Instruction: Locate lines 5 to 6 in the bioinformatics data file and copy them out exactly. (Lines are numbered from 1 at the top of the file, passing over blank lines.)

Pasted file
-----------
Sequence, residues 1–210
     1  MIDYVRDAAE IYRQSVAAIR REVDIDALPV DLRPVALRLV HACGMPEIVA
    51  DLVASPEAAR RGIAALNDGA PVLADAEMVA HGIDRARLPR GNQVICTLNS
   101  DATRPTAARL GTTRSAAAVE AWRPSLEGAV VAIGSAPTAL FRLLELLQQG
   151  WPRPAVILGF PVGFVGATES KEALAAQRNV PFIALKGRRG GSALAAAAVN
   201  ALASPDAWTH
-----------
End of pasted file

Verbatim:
   151  WPRPAVILGF PVGFVGATES KEALAAQRNV PFIALKGRRG GSALAAAAVN
   201  ALASPDAWTH